I haven’t seen one yet, but it’s coming, no doubt.
A business case for social media, or anything else, can be made when something (like social media) creates a gain in operating or financial performance/business measures that is greater than the investment made to generate the gain. While there are certainly isolated examples where elements of social media have improved information exchange and produced good business outcomes, it’s a huge stretch to say they’ve had a major impact on revenues, product or service quality, costs, cycle time or productivity, which are the measures used in determining a business case.
Recently I heard a couple of social media “experts” speak at a conference. They spent more than an hour gushing about activity—all the social media things companies were doing. But my mother’s voice kept filling my head as these guys spoke. I think all mothers read the same book that said: When your son or daughter says everyone is doing something, here’s the right way to respond: “Just because everybody’s doing something doesn’t necessarily make it right. If everyone were jumping off a thousand foot cliff, should you jump off the cliff?”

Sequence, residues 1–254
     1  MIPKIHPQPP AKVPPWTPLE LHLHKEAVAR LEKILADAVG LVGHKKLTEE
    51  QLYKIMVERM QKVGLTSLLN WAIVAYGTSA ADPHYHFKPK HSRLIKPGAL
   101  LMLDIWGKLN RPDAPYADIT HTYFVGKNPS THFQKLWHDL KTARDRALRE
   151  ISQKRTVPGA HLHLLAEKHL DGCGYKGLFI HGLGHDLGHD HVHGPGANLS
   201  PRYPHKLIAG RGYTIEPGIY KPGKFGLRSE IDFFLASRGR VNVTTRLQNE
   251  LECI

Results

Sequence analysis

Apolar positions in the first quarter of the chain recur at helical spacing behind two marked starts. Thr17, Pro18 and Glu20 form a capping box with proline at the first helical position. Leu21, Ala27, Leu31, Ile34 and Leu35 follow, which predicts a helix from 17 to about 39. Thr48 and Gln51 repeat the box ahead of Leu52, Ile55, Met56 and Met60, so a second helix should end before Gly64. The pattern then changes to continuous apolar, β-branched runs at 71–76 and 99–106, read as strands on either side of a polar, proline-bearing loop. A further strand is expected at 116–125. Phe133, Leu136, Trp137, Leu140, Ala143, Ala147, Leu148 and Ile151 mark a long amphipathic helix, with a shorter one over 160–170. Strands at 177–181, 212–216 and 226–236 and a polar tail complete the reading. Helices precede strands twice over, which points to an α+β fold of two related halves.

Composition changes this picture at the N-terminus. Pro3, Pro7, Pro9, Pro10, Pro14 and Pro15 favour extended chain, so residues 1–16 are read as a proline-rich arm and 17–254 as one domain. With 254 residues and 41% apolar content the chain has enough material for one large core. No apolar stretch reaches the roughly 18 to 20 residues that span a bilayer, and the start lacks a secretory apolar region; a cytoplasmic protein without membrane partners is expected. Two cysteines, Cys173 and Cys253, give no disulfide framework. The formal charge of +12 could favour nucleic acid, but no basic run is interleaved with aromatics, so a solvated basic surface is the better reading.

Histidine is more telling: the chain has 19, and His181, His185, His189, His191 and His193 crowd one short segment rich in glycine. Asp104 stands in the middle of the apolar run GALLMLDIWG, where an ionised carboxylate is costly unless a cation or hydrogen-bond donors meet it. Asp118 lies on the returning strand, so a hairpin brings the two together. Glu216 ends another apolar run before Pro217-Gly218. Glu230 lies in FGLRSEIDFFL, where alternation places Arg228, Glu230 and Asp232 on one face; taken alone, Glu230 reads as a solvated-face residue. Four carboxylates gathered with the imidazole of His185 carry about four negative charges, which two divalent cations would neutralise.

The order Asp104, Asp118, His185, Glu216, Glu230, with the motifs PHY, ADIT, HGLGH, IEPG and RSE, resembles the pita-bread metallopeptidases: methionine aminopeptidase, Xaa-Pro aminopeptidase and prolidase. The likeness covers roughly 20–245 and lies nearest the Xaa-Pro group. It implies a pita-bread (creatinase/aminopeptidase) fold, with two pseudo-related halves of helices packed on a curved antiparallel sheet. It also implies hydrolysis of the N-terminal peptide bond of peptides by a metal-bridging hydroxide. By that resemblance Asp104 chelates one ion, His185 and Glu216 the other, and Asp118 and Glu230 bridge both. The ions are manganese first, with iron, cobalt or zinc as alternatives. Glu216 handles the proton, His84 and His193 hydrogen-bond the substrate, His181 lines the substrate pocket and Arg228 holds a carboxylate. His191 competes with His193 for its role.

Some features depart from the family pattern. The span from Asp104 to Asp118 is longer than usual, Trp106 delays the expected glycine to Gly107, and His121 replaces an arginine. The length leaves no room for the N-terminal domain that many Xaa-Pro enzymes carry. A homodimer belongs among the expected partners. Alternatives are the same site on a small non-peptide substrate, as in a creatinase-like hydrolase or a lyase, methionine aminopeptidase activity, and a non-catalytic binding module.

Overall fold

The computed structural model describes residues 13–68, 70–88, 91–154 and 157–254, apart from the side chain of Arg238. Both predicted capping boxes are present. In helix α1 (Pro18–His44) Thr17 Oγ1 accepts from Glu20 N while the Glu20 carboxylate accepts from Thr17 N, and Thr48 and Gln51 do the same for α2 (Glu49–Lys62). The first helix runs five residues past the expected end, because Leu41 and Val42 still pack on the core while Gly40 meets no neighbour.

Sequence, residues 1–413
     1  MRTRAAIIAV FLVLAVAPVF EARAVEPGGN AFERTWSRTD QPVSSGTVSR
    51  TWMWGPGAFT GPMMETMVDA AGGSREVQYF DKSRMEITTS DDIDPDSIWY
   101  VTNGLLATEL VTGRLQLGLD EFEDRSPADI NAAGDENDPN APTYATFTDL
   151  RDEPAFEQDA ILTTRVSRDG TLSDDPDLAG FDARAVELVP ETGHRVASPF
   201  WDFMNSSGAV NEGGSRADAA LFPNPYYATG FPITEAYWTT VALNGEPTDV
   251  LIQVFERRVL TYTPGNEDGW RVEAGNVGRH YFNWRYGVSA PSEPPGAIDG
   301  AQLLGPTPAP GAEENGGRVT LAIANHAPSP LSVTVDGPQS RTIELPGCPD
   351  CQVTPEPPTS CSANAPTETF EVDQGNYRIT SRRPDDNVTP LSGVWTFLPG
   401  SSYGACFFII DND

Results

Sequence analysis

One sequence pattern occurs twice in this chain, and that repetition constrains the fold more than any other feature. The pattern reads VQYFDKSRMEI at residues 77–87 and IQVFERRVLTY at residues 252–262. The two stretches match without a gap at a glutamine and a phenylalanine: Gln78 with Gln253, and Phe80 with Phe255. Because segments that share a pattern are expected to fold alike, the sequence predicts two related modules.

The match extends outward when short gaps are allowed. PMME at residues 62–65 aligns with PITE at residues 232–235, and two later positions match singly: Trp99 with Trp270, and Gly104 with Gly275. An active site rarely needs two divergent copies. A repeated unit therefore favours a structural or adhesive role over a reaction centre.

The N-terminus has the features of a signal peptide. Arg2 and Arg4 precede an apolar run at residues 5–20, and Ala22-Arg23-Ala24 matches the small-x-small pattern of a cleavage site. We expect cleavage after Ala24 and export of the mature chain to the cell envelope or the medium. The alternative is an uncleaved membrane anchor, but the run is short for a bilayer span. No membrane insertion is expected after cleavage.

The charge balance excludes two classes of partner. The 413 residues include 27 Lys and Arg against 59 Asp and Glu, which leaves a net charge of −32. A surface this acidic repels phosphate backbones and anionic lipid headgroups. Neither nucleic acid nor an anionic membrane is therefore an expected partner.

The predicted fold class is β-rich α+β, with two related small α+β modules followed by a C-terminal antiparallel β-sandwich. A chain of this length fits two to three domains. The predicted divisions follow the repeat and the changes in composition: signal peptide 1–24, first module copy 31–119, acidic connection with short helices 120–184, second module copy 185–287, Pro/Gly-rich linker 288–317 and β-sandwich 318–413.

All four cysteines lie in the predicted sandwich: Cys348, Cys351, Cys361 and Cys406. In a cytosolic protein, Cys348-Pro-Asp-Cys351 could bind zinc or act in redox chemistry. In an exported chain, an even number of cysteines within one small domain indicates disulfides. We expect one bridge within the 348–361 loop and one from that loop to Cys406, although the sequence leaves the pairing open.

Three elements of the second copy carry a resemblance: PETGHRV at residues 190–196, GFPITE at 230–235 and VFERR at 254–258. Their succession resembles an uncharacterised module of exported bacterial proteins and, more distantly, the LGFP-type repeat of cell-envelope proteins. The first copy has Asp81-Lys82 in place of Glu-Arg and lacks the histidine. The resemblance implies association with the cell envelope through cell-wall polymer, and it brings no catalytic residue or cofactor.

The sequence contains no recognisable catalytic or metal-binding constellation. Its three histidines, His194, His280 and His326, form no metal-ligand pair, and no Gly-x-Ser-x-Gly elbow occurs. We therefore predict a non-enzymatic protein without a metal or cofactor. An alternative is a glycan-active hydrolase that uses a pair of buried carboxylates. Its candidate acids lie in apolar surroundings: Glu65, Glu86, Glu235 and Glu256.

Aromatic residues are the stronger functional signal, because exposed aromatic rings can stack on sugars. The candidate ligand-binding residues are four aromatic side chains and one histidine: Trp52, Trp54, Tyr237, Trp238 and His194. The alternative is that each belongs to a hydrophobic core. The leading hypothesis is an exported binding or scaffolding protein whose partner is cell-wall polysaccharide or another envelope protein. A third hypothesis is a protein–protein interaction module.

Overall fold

So I asked the guys if the companies they were talking about had experienced better business performance after all their investments in social media activity.
“Oh, I’m sure they have,” the lead expert answered.
“Do you have any examples,” I asked.
“Well, no, but I’m sure they have or they wouldn’t be doing it.”